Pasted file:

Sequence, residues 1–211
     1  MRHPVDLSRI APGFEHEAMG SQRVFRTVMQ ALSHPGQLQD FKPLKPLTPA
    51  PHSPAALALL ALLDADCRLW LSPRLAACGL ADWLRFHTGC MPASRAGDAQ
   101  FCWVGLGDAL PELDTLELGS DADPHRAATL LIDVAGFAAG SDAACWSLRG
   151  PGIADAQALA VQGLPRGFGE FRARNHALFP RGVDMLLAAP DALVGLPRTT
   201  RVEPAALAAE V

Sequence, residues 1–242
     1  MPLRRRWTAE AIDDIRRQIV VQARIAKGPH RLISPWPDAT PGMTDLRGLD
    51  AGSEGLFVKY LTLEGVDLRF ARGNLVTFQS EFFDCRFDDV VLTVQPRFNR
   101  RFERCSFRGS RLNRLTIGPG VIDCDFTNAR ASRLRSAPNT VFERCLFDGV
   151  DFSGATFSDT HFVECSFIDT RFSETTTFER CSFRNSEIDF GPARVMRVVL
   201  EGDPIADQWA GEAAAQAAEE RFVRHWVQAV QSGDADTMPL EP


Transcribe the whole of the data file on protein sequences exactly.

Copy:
Sequence, residues 1–211
     1  MRHPVDLSRI APGFEHEAMG SQRVFRTVMQ ALSHPGQLQD FKPLKPLTPA
    51  PHSPAALALL ALLDADCRLW LSPRLAACGL ADWLRFHTGC MPASRAGDAQ
   101  FCWVGLGDAL PELDTLELGS DADPHRAATL LIDVAGFAAG SDAACWSLRG
   151  PGIADAQALA VQGLPRGFGE FRARNHALFP RGVDMLLAAP DALVGLPRTT
   201  RVEPAALAAE V

Sequence, residues 1–242
     1  MPLRRRWTAE AIDDIRRQIV VQARIAKGPH RLISPWPDAT PGMTDLRGLD
    51  AGSEGLFVKY LTLEGVDLRF ARGNLVTFQS EFFDCRFDDV VLTVQPRFNR
   101  RFERCSFRGS RLNRLTIGPG VIDCDFTNAR ASRLRSAPNT VFERCLFDGV
   151  DFSGATFSDT HFVECSFIDT RFSETTTFER CSFRNSEIDF GPARVMRVVL
   201  EGDPIADQWA GEAAAQAAEE RFVRHWVQAV QSGDADTMPL EP